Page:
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Risk Factors for Parkinson’s Disease
A risk factor is something that increases your likelihood of getting a disease or condition.
It is possible to develop Parkinson’s disease with or without the risk factors listed below. However, the more risk factors you have, the greater your likelihood of developing Parkinson’s disease. If you have a number of risk factors, ask your doctor what you can do to reduce your risk.
Factors that may increase your chance of Parkinson's disease:
Most people develop Parkinson’s disease after the age of 50 (age of onset ranges from 35-85). It is relatively unusual to develop Parkinson’s disease before the age of 40, although it is certainly possible.
Men are about 1.5 times more likely than women to develop Parkinson’s disease.
A number of genes have been associated with Parkinson's disease. Generally, people with these abnormal genes develop Parkinson's disease before the age of 50. This type of Parkinson's tends to run in families. However, the vast majority of Parkinson's disease occurs in older individuals (over the age of 60), and the role of genetics in these individuals is less clear.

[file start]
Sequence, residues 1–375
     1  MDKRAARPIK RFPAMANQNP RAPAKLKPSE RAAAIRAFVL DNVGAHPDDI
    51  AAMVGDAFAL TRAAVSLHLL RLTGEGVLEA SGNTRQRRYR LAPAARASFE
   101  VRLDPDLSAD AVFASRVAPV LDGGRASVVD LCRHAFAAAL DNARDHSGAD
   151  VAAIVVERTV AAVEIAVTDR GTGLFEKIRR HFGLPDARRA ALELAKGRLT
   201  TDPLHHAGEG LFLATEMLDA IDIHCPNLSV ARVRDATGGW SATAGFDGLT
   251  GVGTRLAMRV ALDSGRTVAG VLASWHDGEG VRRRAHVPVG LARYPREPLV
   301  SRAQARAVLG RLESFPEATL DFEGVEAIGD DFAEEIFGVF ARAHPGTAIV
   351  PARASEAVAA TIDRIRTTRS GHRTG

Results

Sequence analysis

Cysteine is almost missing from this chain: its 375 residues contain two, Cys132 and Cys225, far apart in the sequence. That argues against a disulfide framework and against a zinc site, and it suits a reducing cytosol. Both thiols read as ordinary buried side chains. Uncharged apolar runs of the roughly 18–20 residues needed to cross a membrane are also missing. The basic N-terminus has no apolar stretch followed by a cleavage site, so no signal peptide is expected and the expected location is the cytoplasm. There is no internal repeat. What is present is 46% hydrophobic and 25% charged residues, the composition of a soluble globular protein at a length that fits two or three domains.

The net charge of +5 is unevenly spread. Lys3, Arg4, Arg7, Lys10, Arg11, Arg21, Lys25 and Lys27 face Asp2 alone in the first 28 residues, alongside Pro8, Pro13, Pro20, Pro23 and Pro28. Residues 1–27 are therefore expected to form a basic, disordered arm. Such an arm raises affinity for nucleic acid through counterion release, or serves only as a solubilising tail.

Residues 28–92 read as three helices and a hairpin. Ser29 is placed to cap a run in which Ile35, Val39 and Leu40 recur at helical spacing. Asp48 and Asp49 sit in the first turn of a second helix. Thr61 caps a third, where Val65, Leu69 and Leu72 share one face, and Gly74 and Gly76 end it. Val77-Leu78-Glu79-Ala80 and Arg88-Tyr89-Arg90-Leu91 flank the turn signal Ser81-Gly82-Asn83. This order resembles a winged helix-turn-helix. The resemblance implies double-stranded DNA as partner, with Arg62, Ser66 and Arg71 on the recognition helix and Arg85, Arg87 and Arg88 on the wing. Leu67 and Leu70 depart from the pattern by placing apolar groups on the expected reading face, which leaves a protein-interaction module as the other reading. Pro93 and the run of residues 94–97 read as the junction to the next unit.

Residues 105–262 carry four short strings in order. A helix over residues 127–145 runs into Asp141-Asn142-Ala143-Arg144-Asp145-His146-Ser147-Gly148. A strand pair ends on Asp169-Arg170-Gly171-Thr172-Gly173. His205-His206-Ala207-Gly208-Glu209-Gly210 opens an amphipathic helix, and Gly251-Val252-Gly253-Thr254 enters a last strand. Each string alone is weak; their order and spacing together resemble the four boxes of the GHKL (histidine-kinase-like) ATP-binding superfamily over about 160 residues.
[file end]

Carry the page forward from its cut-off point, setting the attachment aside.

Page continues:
Research suggests that blacks and Asians have a slightly lower rate of Parkinson’s disease than Caucasians.
Exposure to chemicals, such as herbicides and pesticides, is thought to increase your risk of developing Parkinson’s disease. You also have a greater risk of Parkinson’s disease if you live in a rural area, drink well water, or live on a farm. This may be due to an increased exposure to herbicides and pesticides.
You may have a higher risk of Parkinson's disease if you had certain health conditions, such as:
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4/7/2014 DynaMed Plus Systematic Literature Surveillance http://www.dynamed.com/topics/dmp~AN~T115172/Parkinson-disease: Marras C, Hincapié CA, Kristman VL, et al. Systematic review of the risk of Parkinson's disease after mild traumatic brain injury: results of the international collaboration on mild traumatic brain injury prognosis. Arch Phys Med Rehabil. 2014;95(3S):S238-S244.
- Reviewer: Rimas Lukas, MD
- Review Date: 11/2016
- Update Date: 05/20/2015